I hadn’t really intended to get too involved with the discussion, but… well, you know how it goes. And as I mentioned something I’ve not really discussed here, I figure I’ll point it out and include related links. Continue reading →
Two or three weeks ago, after a rather long absence, I surfed aimlessly over to Chris “Long Tail” Anderson’s blog. As someone who was contemplating the same “Long Tail” potentials in the early part of the decade (and who shot emails containing a link to the original Wired article out to former co-workers exclaiming, “This is what I was talking about. Read this!”), I got tired of the repetitive entries being posted around the time his book was published and drifted away. Continue reading →
About a week ago I was lucky enough to get myself logged into Second Life to attend a question & answer session with representatives from Steelcase, the office furniture manufacturer. Unfortunately there won’t be an audio posted online, so I thought I’d post a couple of things I wrote down at the conclusion of the meeting and share them here; mostly for the benefit of any Industrial Designers that might surf through. But don’t quote me, eh? I went in assuming an audio file would be made available. So here goes: Continue reading →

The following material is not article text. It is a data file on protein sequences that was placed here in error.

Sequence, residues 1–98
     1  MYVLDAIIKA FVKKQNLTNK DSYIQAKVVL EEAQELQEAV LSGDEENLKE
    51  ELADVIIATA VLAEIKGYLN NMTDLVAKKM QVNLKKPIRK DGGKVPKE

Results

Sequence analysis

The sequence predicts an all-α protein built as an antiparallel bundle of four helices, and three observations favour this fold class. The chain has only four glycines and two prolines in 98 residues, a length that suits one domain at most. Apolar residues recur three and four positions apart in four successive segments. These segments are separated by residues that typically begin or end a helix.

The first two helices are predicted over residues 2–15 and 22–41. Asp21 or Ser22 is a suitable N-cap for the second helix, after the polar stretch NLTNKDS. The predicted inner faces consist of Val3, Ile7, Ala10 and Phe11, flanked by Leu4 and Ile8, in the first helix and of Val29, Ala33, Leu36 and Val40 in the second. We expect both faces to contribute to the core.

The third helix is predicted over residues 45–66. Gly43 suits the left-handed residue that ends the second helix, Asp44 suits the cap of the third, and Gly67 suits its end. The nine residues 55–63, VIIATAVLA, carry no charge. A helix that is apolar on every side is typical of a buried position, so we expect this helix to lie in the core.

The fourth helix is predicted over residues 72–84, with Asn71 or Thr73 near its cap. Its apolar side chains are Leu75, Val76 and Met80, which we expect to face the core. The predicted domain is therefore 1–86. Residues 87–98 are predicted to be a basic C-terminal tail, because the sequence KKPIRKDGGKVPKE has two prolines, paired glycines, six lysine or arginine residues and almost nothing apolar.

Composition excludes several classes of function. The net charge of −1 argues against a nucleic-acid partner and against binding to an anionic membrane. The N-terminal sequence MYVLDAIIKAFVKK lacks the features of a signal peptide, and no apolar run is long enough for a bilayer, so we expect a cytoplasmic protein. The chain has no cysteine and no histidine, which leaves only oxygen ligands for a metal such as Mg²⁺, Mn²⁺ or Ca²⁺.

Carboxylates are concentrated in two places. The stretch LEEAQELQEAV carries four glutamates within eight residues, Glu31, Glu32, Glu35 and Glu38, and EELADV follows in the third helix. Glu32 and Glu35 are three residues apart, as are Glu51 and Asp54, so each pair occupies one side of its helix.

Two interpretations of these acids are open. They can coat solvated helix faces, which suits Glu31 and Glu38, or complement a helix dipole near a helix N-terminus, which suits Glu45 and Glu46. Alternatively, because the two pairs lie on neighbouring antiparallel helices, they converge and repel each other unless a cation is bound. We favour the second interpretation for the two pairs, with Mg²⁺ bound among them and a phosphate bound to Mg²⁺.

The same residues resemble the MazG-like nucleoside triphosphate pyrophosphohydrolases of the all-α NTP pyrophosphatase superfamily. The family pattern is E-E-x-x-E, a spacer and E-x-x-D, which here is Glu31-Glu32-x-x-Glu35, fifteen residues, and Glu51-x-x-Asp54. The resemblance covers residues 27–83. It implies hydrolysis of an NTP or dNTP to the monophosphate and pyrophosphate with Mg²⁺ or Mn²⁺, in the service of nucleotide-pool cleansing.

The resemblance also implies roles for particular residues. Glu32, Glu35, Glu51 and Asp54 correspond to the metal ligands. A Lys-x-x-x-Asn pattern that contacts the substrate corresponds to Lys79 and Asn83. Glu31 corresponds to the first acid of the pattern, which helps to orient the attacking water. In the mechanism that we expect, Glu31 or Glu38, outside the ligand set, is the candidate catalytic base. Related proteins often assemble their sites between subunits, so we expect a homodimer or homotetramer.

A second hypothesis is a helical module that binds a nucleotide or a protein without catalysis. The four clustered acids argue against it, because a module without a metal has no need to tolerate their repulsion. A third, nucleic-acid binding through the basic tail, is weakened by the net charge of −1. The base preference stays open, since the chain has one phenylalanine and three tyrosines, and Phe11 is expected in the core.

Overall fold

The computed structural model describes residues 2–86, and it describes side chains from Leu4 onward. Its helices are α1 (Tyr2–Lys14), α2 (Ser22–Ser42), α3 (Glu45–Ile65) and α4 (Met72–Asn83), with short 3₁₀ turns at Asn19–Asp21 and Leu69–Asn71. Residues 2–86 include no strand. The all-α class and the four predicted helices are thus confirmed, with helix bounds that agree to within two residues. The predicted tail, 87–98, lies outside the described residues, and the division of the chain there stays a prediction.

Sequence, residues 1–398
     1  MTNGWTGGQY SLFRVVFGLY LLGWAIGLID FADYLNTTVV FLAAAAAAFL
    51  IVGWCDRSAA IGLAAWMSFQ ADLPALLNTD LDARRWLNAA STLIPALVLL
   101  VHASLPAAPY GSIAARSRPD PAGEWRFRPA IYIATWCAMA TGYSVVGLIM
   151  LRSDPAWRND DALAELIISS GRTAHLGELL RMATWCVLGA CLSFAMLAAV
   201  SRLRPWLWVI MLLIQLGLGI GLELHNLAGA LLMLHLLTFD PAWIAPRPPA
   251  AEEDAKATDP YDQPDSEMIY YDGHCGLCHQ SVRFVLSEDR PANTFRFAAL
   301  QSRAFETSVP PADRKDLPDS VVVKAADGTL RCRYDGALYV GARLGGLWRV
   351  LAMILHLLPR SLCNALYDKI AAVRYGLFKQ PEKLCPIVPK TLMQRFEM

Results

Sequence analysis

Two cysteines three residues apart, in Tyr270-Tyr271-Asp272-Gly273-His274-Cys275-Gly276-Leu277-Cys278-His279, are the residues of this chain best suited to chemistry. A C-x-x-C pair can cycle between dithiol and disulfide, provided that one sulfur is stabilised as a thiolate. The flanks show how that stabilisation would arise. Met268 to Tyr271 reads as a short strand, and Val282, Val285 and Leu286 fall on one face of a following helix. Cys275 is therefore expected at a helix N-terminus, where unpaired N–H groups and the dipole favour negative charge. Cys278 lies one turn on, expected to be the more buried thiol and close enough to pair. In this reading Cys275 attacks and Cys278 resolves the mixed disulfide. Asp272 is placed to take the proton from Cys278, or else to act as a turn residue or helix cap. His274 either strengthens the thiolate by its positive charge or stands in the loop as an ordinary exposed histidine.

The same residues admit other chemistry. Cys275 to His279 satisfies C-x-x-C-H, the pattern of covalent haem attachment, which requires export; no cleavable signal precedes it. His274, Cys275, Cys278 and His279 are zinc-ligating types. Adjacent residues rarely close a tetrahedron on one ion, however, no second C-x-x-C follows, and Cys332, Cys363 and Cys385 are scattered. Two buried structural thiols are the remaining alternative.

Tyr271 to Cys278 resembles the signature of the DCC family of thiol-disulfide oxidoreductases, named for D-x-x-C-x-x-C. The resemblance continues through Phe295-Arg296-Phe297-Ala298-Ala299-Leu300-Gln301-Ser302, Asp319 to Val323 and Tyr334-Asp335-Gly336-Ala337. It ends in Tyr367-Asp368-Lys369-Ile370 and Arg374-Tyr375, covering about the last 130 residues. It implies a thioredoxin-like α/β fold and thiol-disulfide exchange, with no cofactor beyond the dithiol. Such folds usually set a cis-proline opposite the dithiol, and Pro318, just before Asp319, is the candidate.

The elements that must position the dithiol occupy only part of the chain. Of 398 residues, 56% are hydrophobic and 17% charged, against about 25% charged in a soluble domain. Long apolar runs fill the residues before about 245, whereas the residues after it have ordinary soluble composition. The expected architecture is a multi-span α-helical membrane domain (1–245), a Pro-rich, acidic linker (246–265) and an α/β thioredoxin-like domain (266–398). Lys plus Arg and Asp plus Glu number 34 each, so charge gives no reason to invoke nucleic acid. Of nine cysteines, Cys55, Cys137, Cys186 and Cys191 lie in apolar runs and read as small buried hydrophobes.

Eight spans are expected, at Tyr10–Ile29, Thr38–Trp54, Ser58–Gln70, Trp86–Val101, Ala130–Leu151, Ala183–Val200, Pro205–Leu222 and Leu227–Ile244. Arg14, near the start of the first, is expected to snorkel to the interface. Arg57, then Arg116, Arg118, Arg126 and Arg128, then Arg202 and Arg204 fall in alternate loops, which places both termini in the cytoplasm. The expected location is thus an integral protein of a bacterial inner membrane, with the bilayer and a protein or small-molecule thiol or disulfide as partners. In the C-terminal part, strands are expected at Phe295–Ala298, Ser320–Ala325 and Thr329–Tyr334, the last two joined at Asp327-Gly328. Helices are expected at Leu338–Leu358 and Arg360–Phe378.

A few weeks back I wondered if Philips was going to get more involved in the Second Life community (reLink). Well, it just so happens I caught word that they’re conducting a discussion group later today inside the virtual world to discuss, interestingly enough, “SKIN: Tattoos” (Link). Continue reading →
The Fashion Research Institute (FRI) in conjunction with IBM is developing a product lifecycle management solution for the fashion industry that specifically addresses the industry’s unique needs, cutting time to market. Designers will be able to access 3-D tools from within SL or Open Sim to create their fashion product. The 3-D models of the design can be shown in a virtual showroom. Everyone who has a share in the product will be available to review the design: product managers, designers, design directors, merchandizers, costers, executives, sales staff and show room managers. After the creative vision has been finalized, factory specifications are created that will enable the item to be manufactured in real life.